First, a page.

GHG Emissions - April 3, 2020
Coronavirus causes largest emissions drop since WWII, but they will bounce back
The Global Carbon Project estimates that global carbon emissions could fall by the largest amount since World War Two this year as a result of the coronavirus-induced economic crisis, but if the world doesn’t take drastic action those emissions will rebound when the crisis is over.
Reuters reports that carbon output could fall by more than 5% year-on-year, which would be the first dip since emissions dropped 1.4% following the 2008 financial crisis. However, following the crisis emissions eventually increased again by 5.1% and the amount of carbon dioxide in the atmosphere was practically unaffected.
“This drop is not due to structural changes so as soon as confinement ends, I expect the emissions will go back close to where they were,” Corinne Le Quéré, a climate scientist at the University of East Anglia in eastern England, told the news site.
They also reported that during lockdowns in China, emissions in the region fell by an estimated 25%. As Chinese factories have begun to reopen, emissions have returned to their normal range.
Last month a research director from the Center of International Climate Research in Oslo predicted that emissions would fall between 0.3% and 1.2% this year. Following that, a research center in California, the Breakthrough Institute, released their own predictions: emissions would fall 0.5-2.2%, based on growth forecasts from JP Morgan and assuming that the economy recovers in the second half of the year.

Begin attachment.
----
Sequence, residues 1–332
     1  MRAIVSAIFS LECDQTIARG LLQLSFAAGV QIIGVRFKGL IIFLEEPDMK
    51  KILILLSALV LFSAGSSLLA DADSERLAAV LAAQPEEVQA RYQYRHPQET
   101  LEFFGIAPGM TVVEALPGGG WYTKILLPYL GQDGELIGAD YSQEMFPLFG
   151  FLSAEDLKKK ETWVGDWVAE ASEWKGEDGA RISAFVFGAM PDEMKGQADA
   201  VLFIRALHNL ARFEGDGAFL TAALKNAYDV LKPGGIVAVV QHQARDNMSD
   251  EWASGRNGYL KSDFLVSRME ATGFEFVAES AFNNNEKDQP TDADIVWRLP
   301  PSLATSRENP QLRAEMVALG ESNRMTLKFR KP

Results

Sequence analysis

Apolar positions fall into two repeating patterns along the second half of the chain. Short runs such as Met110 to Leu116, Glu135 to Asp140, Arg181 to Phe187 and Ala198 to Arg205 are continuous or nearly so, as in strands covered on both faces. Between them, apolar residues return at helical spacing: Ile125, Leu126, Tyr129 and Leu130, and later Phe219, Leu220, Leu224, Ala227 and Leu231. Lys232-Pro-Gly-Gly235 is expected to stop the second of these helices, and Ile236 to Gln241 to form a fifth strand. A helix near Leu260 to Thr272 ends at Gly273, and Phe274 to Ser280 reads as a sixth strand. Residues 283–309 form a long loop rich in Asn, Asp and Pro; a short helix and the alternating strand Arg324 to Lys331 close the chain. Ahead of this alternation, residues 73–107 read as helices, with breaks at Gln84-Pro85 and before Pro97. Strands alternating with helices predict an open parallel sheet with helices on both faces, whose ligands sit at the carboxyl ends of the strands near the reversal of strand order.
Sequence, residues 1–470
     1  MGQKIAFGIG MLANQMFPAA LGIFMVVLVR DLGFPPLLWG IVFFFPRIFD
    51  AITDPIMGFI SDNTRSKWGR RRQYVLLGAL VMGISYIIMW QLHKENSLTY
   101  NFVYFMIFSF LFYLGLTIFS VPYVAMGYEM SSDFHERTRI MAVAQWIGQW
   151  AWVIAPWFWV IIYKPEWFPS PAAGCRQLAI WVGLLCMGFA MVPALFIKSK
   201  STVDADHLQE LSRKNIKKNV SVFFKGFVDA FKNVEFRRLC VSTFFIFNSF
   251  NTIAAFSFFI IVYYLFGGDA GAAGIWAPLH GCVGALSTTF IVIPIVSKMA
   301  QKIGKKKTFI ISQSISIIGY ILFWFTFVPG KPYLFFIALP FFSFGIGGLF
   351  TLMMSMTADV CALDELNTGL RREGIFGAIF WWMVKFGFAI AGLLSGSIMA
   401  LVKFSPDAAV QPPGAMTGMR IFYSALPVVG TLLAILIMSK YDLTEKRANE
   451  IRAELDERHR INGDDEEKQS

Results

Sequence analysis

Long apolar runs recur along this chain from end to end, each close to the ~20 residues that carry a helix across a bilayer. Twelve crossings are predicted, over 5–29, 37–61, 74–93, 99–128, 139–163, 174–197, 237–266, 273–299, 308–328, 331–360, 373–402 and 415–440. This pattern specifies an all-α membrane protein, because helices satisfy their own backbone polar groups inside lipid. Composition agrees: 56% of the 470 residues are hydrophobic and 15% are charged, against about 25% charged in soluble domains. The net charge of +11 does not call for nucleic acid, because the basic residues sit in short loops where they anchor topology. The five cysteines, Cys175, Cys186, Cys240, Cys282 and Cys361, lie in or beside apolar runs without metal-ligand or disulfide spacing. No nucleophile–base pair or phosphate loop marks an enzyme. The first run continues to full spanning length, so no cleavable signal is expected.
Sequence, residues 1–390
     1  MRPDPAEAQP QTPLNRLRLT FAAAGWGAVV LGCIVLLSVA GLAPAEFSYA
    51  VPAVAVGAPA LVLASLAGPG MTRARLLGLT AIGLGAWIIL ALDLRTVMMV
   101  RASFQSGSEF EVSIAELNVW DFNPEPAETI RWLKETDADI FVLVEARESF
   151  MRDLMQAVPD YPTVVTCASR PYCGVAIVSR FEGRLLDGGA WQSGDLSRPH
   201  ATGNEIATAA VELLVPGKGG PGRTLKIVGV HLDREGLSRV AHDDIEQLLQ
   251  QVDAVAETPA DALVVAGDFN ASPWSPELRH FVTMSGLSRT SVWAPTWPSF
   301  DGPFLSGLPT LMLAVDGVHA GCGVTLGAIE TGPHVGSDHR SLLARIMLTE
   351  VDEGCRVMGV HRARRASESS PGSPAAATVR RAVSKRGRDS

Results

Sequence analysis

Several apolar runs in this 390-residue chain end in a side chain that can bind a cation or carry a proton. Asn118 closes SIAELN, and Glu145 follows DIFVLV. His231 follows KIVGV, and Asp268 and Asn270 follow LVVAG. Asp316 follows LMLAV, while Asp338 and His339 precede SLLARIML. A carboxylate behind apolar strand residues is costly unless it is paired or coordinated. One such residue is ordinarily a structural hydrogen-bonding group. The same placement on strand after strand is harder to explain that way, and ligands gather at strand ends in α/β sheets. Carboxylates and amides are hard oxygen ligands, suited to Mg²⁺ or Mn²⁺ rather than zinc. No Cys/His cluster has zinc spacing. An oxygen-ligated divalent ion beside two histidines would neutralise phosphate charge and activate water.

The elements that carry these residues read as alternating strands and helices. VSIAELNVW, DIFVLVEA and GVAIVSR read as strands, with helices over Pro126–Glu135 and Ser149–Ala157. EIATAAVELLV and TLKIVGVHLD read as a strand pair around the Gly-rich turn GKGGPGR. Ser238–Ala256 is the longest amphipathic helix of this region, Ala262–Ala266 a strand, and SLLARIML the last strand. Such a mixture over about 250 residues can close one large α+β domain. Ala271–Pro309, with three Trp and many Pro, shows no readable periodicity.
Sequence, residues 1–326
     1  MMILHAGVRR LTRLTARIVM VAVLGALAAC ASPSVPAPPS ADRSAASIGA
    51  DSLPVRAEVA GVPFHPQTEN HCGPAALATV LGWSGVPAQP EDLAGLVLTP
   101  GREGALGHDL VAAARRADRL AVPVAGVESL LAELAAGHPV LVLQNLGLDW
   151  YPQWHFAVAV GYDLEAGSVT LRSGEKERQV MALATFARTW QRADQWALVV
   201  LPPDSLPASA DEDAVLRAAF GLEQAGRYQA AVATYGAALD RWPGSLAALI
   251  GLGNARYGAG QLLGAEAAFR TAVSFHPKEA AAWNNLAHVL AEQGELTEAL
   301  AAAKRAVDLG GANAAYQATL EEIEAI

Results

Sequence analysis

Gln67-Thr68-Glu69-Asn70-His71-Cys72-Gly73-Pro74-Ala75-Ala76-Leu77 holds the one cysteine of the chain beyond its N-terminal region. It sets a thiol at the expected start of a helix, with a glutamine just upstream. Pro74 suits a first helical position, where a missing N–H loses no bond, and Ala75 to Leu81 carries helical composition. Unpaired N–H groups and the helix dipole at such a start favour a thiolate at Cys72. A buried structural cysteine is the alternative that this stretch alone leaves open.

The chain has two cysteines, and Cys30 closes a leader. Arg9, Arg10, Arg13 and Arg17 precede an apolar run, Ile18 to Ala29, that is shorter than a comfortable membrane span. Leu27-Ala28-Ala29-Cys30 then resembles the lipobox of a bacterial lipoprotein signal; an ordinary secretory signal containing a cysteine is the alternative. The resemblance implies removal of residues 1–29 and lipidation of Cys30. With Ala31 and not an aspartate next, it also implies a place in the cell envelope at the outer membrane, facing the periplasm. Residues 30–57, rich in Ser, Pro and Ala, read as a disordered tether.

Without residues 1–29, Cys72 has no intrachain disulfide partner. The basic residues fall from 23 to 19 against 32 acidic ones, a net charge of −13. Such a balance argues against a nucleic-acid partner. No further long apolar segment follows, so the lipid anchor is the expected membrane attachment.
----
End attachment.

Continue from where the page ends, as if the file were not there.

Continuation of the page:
“Our estimates indicate that the pandemic’s climate silver lining is vanishingly thin,” Seaver Wang, a climate and energy analyst at the institute, told Reuters. “It’s as if we went back in time and emitted the same amount we were a few years ago — which was already too much. In the grand scheme of things, it really makes no difference.”
More grim predictions come from the Centre for Economics and Business Research, who estimates that world GDP will fall by at least 4% this year, including a large margin of error, the largest fall since 1931.
“Even if there is a decline in emissions in 2020, let’s say 10% or 20%, it’s not negligible, it’s important, but from a climate point of view, it would be a small dent if emissions go back to pre-COVID-19 crisis levels in 2021,” said Pierre Friedlingstein, chair in mathematical modeling of the climate system at the University of Exeter in southwest England.
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